And best of all, a windup train (we had no electricity at the time) with thirty-five pieces from a windup engine to the caboose and tracks for the train to run on, $3.88.  This I did receive one year, and I still have it and it still works.

Oh, the memories.  So many memories.

THE OLD TIMER SAYS: An old catalog can bring back so many memories.

WHERE TO BUY MY BOOKS:

To learn more about Christmas in days past, see The Quiet Season. Purchase my newest books, When the White Pine Was King, and The Old Timer Says: A Writing Journal, go to your local bookstore, order online from bookshop.org, or from the Friends of the Patterson Memorial Library in Wild Rose—a fundraiser for them. Phone: 920-622-3835 for prices and ordering.
Patterson Memorial Library
500 Division Street
Wild Rose, WI 54984
barnard@wildroselibrary.
www.wildroselibrary.org

If you live in the western part of the state, stop at Ruth’s home town, Westby and visit Dregne’s. Say hello to Jana and Dave, and look at their great selection of my books, including my new ones, or order a book by calling them at 1-877-634-4414. They will be happy to help you.

Friday, December 18, 2020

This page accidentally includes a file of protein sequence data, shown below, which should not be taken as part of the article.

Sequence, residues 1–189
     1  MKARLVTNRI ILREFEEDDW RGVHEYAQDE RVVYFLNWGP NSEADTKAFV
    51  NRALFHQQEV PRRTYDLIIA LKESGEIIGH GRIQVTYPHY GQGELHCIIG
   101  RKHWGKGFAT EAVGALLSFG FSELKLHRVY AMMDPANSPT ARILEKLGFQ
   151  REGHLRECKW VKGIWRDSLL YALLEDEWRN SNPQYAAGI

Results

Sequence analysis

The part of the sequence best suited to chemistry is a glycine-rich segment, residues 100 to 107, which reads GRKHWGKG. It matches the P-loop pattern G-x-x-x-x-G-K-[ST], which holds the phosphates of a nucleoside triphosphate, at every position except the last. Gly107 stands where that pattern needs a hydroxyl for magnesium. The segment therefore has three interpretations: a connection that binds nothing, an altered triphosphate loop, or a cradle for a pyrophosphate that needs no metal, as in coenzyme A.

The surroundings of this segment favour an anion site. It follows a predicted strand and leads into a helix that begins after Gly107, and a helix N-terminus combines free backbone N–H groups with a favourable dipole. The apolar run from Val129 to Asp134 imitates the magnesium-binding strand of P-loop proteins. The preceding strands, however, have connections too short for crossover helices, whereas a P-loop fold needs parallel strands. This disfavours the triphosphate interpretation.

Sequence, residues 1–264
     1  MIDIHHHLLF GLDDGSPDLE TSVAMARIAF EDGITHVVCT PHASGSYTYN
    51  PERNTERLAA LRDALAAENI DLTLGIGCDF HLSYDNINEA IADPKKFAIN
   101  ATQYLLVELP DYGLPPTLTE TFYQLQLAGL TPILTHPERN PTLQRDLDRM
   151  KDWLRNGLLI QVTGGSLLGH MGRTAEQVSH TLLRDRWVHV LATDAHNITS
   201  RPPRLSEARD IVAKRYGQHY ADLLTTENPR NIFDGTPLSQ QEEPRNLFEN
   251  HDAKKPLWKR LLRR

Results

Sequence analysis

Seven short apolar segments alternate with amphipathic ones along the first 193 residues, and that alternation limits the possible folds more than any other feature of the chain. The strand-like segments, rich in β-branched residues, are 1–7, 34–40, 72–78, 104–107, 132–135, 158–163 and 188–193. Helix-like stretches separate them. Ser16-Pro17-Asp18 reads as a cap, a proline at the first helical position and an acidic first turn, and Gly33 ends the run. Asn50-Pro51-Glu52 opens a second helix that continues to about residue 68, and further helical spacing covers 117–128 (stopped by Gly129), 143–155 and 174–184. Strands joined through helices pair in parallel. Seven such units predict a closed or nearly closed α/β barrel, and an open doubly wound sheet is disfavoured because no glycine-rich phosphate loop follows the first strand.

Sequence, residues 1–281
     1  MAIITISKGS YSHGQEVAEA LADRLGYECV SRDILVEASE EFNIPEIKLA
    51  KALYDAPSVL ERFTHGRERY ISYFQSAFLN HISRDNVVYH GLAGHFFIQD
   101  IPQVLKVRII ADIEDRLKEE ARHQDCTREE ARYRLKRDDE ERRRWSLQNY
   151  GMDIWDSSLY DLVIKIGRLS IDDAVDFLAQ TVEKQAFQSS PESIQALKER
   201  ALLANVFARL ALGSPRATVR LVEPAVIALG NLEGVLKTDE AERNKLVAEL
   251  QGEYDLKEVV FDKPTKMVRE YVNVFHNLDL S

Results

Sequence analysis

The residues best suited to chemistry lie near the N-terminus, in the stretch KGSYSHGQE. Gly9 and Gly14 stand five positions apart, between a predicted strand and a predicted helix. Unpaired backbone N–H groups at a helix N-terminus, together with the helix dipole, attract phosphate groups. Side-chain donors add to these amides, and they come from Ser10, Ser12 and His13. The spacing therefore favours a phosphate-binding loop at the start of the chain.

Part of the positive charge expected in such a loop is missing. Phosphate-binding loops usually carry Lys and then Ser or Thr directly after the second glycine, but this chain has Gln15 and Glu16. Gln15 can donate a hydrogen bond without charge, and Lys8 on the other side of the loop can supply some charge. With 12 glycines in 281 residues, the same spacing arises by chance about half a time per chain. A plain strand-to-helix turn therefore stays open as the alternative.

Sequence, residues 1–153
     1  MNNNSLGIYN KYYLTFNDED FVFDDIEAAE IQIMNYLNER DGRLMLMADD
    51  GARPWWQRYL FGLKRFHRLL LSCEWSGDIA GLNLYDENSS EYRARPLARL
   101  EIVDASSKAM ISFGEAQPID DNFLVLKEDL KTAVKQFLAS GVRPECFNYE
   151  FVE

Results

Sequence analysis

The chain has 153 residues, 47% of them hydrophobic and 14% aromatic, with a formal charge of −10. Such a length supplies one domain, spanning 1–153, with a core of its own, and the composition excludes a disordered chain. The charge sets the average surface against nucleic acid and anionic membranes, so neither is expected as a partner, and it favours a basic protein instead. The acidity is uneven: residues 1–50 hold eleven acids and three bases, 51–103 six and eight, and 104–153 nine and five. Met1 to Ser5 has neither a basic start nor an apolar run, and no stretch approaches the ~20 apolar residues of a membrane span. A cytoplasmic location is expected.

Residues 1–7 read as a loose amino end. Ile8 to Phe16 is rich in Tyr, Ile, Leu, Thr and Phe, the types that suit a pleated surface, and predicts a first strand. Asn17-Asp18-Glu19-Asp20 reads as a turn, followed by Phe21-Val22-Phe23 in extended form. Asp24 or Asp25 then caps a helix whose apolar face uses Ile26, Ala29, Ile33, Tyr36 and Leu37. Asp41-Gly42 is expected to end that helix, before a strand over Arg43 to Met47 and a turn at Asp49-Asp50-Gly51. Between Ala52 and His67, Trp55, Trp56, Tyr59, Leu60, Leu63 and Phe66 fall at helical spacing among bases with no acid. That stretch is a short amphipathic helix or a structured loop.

Christmas and Snow

 



For me and many others who live in the north, snow and Christmas go together.  Maybe it’s because of songlines like,” I’m Dreaming of a White Christmas,” crooned by Bing Crosby.  The song debuted Christmas Day 1941, just three weeks after Pearl Harbor and the beginning of World War II.  It provided those of us who were living at that time a powerful image that helped us through the war.

Other songs add to that nostalgic view of Christmas with snow such as “Winter Wonderland (1934), and “Let it Snow” (1945).

 Or maybe the tune, “Dashing through the snow with a one-horse open sleigh,” (Jingle Bells), performed at each of the eight Christmas Programs I was a part of at our One-Room Country School. Jingle Bells was written in the mid-1800s and continues popular to this day. 

Oh, not to forget.  Does Santa Claus ride in a wagon, or in buggy, or a convertible auto? No.  He rides in a sleigh. How could Santa make his rounds with no snow?  Unthinkable.

As a kid, Christmas meant Christmas vacation, two weeks away from school.  Two weeks to go skiing, and sledding, and building snow forts, and throwing snowballs at your brothers. Christmas vacation without snow was like going swimming in a dried-up lake.

Often overlooked, but I suspect not so much this year with all the COVID worries, Christmas lights sparkling on new-fallen snow are as beautiful as anything imaginable.

Merry Christmas to all.

THE OLD TIMER SAYS: Freshly fallen snow makes Christmas special.

WHERE TO BUY MY BOOKS: